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Leslie’s favorite web 2.0 tool: Evernote. Evernote just continues to grow and morph into an awesome platform that goes beyond just syncing notes. Skitch now supports Evernote, which allows you to clip, annotate, and save images to Evernote on your iOS or Android device. Two of my favorite software add-ons for Evernote are Clearly and Web Clipper.
Clearly will remove all the external content from a web page displaying just the story and its associated images making it easy to read as well as save to Evernote. Web Clipper is just that--a clipper that allows you to “clip” items from the web and save to Evernote. The gang at iPevohas teamed up with Evernote to allow its WebCam software to capture directly to Evernote. Also, don’t forget that you get an email account once you sign up for Evernote so you can email your notes to this address and it will add the email to your Evernote.

Hall’s Favorite hardware: Mounting the iPad. It’s the little things sometimes. There are a lot of ways to mount an iPad but my favorite was Fat Gecko (around $25). It grips the iPad and has a threaded slot for a tripod. I use a flexible little mini-tripod (Sunpak Mini, $2.24). This lets me prop up the iPad for reading, is certainly strong enough for touch-based apps, and also makes it easy to carry. The tripod thread also works on other attachments like music stands, car cup holders (passengers only, please), and other cool stuff. Both available on Amazon and elsewhere.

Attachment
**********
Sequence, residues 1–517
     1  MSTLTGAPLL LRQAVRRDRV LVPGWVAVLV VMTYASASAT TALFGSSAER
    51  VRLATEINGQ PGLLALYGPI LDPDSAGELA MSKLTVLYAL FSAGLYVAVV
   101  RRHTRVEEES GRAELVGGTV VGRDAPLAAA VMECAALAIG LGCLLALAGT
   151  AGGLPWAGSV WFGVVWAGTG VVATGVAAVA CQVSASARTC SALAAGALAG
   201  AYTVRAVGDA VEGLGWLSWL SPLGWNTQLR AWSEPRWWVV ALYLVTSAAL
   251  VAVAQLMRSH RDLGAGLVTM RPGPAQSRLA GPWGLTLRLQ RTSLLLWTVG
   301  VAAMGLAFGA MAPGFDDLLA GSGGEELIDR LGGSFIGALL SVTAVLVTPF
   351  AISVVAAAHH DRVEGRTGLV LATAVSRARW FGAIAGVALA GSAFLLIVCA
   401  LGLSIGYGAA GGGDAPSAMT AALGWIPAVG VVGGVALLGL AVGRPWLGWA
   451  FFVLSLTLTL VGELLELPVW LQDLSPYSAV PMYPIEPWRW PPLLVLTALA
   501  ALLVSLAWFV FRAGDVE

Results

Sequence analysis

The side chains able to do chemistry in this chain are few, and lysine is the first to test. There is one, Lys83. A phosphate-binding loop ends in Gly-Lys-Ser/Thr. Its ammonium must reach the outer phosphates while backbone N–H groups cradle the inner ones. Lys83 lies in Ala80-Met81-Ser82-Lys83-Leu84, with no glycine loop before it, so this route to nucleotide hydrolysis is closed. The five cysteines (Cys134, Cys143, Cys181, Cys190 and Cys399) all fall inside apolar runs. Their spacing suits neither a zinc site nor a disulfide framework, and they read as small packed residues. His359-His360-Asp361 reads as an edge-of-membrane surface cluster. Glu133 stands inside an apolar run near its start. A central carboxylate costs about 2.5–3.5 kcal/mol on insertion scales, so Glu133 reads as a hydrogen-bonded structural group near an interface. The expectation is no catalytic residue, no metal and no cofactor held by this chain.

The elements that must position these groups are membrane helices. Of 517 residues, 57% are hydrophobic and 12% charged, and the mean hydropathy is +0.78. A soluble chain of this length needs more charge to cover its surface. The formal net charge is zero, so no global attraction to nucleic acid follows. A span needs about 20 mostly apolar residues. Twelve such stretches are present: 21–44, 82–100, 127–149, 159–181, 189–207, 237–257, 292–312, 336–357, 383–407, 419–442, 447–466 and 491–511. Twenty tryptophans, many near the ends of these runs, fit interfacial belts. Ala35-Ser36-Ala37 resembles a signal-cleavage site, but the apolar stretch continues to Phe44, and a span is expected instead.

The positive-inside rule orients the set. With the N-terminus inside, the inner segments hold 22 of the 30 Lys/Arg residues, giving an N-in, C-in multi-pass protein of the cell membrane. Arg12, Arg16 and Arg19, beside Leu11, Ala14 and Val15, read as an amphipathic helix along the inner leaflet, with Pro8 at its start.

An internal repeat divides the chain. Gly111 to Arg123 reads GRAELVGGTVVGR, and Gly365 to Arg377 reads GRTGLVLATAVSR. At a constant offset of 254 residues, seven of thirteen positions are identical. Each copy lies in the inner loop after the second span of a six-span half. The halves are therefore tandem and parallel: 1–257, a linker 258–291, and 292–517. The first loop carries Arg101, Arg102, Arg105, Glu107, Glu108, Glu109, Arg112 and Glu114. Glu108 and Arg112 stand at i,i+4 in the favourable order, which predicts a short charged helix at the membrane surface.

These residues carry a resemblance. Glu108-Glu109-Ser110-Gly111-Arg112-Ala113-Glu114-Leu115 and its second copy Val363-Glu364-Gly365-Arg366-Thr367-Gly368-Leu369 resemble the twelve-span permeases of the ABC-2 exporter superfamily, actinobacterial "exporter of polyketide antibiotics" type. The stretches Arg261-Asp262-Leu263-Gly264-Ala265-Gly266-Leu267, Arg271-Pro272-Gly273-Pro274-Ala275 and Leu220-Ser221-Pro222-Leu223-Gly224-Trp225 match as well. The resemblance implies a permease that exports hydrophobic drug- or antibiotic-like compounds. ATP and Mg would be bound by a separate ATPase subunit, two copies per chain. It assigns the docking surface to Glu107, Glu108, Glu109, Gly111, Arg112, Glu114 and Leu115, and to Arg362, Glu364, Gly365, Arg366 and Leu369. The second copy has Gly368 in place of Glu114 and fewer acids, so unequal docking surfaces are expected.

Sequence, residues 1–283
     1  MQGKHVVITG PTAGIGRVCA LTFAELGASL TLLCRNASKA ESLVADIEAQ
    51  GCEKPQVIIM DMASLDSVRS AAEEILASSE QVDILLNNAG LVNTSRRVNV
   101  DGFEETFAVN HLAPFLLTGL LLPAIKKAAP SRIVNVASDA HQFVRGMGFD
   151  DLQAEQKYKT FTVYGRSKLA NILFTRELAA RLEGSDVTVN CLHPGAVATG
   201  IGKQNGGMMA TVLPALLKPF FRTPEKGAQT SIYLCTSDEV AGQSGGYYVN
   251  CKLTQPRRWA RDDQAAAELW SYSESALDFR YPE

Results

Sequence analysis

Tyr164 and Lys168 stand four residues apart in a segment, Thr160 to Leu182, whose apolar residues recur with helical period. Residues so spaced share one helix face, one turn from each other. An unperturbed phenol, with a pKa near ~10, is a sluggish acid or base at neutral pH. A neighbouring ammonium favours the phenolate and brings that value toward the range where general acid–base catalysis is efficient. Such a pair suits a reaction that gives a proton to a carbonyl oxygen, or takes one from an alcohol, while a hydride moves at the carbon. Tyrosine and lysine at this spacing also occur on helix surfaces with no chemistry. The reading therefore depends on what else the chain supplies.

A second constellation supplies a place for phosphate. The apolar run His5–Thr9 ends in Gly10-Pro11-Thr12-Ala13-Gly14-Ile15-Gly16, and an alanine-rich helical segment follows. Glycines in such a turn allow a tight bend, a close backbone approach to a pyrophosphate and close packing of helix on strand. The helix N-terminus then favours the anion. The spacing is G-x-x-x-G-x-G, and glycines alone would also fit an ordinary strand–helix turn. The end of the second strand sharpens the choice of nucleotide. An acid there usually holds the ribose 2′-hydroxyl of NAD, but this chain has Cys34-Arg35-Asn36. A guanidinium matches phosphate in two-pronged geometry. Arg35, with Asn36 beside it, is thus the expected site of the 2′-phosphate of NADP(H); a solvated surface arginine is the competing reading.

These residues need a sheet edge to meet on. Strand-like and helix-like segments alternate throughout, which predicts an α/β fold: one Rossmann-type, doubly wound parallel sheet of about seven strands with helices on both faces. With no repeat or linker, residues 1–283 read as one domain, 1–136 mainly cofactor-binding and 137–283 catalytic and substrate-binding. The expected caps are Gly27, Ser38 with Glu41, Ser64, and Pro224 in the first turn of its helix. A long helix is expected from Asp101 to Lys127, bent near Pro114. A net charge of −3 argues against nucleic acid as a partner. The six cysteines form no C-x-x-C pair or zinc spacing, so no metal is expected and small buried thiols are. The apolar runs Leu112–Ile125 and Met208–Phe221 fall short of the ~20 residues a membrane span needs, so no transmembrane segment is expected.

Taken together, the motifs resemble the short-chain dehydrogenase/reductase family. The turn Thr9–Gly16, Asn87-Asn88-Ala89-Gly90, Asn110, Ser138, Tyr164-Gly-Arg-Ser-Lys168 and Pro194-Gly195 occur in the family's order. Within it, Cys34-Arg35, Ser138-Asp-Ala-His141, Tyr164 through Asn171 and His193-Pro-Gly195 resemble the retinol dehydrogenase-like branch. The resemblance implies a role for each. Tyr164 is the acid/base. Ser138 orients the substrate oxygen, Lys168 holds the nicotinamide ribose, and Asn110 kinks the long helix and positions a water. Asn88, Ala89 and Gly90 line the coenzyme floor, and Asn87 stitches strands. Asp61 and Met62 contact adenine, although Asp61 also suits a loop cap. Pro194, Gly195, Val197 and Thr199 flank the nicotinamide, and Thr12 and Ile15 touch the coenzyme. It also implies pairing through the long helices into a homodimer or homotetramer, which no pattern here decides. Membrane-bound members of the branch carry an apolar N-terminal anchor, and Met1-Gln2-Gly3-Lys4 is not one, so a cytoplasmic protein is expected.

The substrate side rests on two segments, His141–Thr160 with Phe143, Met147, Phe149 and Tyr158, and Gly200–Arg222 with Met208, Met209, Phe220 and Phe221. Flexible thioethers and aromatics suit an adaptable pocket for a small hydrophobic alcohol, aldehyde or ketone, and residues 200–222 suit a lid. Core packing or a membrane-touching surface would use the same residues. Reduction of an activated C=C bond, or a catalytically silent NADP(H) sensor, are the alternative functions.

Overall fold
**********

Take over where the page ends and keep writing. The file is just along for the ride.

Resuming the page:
Another great video app is Green Screen Movie FX. This amazing $1.99 app for Apple and Windows mobile devices let you chromakey (“green screen”) in real time by dropping a color out of the background in the video you are shooting and replacing it, again in real time, with either one their preset videos, like Yosemite or Las Vegas, or--and this is the powerful part--educational videos you have moved into your mobile device. I used videos of the heart and brain from the Discovery Education Streaming library. Instead of dropping out the background, I dropped out the color on a 3x5 card held by another drafted volunteer. It appeared to show a beating heart in the person’s chest and then the brain inside their skull. It’s pretty amazing and at least one person has seriously asked me if the iPad is capable of making these X-ray images. Some great possibilities there. You move your library into the app via iTunes (Windows or Mac). When you click on the Apps tab, the apps that accept media are listed and you drag and drop the video from your library right into the app. From then on, it will appear on your mobile device in the app. You can drop students into state parks or molecules or into volcanoes by replacing the background, but the card was a neat trick to show. The app is $1.99.


**MadPad**. I can’t let apps go by without mentioning MadPad. This media creation tool allows you to put 12 short videos onto the screen. Each one you touch plays. You can repeat it, do sequences, or bang it like a video DJ. I had 12 draftees say numbers (“one,”“four,” “five,” “twenty”) and math operations (“times,” “minus”) and “equals”. Then by punching the screen, we could create true or false math statements. You could do it with capital cities, too. Needless to say, as with Green Screen Movie FX, you can make a live video of your work in real time. MadPad is $2.99.



Leslie’s favorite document editing app:CloundON. At the time of this writing, Microsoft Office is only rumored to come to iOS. I am OK with that because I am using CloudOn, an app that hooks into Google Drive, Box, and DropBox. It allows access and, yes, editing of your Office and Google Docs. I love showing this when I present because people stop and stare in disbelief that I am editing so many things with one free app. I had one person get up and hug me when they saw it.

QR Codes and the IPad
http://www.scholastic.com/teachers/2012/12/four-easy-ways-revitalize-classroom-libraries-digital-natives